Linotype Palatino for hot-metal slug-composition

This version has been adapted for the Linotype slug composition machines. It can be recognized by the symmetrical foot serif of p and the asymmetrical foot serif of q. The picture was photographed from "Das Druckwerk", page 162. [Text and photograph by Ulrich Stiehl.]

The original Palatino for photocomposing machines

The original Palatino for photocomposing machines (Diatype and Diatronic, produced by the Berthold AG) was widely used in Germany until the early nineties. It was a high-quality font, identical in design with the original Palatino for hot-metal hand typesetting. The picture was photographed from "Berthold Types" (1985), volume 2, page 1106. [Text and photograph by Ulrich Stiehl.]

Present-day Linotype Palatino

Present-day versions of Palatino for imagesetters and laser printers, for instance "Linotype Palatino" for PC, Mac etc., can be recognized by the symmetrical foot serifs of p and q and the reduced ascenders. Today only the italic p and q are without serifs. Hermann Zapf considers the new "Linotype Palatino" (1998) as the definitive version of his typeface, which was first released in 1950 by the Stempel AG.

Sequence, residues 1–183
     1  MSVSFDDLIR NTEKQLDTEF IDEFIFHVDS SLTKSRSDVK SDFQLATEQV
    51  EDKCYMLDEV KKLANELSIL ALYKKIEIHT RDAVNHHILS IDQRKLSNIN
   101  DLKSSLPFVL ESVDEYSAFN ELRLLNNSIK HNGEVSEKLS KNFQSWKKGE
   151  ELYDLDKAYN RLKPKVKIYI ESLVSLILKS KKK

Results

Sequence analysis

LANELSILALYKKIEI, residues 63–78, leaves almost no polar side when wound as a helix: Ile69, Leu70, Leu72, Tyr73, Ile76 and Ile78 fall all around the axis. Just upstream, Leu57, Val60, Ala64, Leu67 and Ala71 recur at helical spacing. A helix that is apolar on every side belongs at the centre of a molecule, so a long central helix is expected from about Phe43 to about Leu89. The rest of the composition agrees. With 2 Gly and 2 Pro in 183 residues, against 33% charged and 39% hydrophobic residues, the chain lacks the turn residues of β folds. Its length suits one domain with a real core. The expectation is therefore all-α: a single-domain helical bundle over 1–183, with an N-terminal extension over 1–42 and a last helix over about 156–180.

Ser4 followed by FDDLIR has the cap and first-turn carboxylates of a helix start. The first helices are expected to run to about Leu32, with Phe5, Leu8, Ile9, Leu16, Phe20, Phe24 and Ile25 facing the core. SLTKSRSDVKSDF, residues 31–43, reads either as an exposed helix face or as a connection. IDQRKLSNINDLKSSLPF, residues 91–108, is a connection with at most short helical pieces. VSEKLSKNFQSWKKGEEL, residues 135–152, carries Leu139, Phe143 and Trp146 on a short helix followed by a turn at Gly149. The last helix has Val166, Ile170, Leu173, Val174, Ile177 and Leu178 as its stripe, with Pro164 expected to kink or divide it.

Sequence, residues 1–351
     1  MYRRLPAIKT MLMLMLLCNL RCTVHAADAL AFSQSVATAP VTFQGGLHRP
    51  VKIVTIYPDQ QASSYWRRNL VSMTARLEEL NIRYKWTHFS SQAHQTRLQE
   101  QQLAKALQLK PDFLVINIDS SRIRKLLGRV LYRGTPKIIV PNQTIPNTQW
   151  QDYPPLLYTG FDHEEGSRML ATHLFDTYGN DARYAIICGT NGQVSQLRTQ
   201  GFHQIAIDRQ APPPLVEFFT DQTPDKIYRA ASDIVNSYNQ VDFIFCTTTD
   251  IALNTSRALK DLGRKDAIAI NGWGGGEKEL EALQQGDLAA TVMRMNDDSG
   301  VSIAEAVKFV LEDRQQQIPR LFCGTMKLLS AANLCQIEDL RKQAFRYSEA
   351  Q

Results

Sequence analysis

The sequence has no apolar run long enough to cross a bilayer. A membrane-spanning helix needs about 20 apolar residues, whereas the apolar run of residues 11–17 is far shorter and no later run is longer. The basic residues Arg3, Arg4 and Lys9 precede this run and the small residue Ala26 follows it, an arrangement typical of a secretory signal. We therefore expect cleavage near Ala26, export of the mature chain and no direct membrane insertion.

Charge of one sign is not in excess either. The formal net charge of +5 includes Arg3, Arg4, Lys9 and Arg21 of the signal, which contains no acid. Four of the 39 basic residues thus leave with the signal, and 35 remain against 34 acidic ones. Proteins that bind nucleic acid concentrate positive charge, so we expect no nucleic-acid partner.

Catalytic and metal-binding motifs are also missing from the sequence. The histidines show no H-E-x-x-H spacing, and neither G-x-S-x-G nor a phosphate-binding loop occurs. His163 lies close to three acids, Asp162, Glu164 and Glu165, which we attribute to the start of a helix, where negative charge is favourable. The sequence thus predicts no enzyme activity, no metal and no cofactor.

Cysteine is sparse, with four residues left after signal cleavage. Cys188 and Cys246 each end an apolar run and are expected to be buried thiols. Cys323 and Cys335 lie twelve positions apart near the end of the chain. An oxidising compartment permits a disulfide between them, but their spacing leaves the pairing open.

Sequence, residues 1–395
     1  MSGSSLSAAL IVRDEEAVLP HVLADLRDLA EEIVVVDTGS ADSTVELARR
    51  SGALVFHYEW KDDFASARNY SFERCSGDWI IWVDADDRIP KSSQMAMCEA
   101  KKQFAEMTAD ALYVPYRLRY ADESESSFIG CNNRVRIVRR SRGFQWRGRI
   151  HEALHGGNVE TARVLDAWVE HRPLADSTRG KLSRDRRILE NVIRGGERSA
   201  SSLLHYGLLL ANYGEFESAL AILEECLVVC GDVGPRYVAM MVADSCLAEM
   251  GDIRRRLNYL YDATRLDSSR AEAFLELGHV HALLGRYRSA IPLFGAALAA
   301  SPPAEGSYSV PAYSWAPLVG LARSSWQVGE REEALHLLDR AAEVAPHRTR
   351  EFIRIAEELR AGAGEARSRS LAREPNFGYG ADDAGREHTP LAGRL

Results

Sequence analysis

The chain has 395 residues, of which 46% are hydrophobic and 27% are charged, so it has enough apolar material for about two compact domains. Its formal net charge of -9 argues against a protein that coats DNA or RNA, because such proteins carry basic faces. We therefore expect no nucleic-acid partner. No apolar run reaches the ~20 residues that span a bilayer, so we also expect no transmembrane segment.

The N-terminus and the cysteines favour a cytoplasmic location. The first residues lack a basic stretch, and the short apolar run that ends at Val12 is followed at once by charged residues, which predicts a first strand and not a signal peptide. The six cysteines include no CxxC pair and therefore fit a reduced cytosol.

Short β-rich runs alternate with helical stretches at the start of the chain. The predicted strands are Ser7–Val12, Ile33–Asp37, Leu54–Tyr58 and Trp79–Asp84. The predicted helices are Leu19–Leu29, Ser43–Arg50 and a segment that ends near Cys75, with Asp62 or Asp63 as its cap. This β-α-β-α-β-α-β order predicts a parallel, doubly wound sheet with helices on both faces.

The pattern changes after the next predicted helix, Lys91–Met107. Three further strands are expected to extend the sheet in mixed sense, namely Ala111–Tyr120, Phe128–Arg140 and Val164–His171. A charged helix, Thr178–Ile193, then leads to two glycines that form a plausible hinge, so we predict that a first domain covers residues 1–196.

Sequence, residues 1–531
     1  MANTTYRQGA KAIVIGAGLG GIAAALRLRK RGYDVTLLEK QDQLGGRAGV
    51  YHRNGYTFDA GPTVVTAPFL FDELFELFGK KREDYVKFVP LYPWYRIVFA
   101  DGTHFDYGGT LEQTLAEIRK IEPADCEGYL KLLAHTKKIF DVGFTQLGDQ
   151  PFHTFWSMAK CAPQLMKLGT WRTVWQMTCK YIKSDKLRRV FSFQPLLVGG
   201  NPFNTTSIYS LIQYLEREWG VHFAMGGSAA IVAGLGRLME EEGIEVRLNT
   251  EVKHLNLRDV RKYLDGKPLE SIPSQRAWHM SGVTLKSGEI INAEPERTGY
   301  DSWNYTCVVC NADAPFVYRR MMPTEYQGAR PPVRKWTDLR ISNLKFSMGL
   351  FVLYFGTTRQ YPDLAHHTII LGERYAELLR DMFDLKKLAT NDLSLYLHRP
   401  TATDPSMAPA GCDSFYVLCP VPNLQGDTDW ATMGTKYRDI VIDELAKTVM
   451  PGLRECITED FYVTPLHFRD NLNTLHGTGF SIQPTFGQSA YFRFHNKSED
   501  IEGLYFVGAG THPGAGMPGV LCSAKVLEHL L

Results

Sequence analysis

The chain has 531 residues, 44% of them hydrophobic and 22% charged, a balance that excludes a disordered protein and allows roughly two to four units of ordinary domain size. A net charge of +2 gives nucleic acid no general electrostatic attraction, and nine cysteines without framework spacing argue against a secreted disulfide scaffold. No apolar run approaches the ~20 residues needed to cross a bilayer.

[Linotype Palatino] departs tremendously from the original Palatino. For instance, E and F did not have serifs at the middle cross bars originally, p and q did not have foot serifs, the serif of k was much more elegant, the y too etc. etc., and what is more: The x-height was smaller (= the ascenders longer) making for a much more elegant typeface (similar to Bembo).

When Berthold went broke, the original Palatino seems to have vanished from the type face market. At least, I do not know any company that still offers it. [Text by Ulrich Stiehl.]

URW Palladio

URW Palladio is a free font donated by URW to the ghostscript project. It is almost identical to the digital version of Linotype Palatino, but there are differences: the upper serifs are straight, not sloped, and the characters are a bit narrower. Also, as far as I can tell, no URW Palladio weight carries any of the nice old style figures. Especially the OsF number "1", with its characteristic roof, is worth taking a closer look at (in the Palatino fonts with old style figures, of course).

Zapf Calligraphic 801

Not to be outdone, Bitstream enters the fray with Zapf Calligraphic 801.


And how about that shameless copy by Monotype, Book Antiqua? We know that Zapf was quite upset by this. Even more upsetting is that Monotype never even thought about withdrawing that face and offer apologies to Zapf. Since Monotype is now Agfa, how about a withdrawal by Agfa-Monotype? The current Agfa "director of words and letters", Allan Haley, is a fantastic person, and should be in a position to make this grand gesture of respect towards Hermann Zapf.

Copyright © 2002 Luc Devroye
School of Computer Science
McGill University
Montreal, Canada H3A 2K6